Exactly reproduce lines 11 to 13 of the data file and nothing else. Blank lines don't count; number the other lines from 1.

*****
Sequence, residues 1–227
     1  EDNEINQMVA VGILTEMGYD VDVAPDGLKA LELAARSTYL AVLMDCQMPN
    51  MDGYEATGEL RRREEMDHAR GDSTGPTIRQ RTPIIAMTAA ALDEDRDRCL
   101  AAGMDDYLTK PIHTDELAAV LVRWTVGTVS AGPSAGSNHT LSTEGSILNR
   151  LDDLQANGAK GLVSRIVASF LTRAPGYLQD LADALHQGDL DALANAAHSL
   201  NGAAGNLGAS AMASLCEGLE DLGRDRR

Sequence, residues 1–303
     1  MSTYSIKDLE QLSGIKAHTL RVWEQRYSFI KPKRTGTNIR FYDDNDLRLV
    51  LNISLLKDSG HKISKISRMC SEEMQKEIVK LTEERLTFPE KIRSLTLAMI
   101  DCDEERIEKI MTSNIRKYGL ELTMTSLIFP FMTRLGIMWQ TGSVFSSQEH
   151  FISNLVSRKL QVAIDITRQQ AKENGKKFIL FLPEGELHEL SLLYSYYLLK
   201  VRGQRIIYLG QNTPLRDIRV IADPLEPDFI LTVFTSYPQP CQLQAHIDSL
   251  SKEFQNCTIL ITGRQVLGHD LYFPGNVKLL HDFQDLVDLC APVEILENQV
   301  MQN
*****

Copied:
   151  FISNLVSRKL QVAIDITRQQ AKENGKKFIL FLPEGELHEL SLLYSYYLLK
   201  VRGQRIIYLG QNTPLRDIRV IADPLEPDFI LTVFTSYPQP CQLQAHIDSL
   251  SKEFQNCTIL ITGRQVLGHD LYFPGNVKLL HDFQDLVDLC APVEILENQV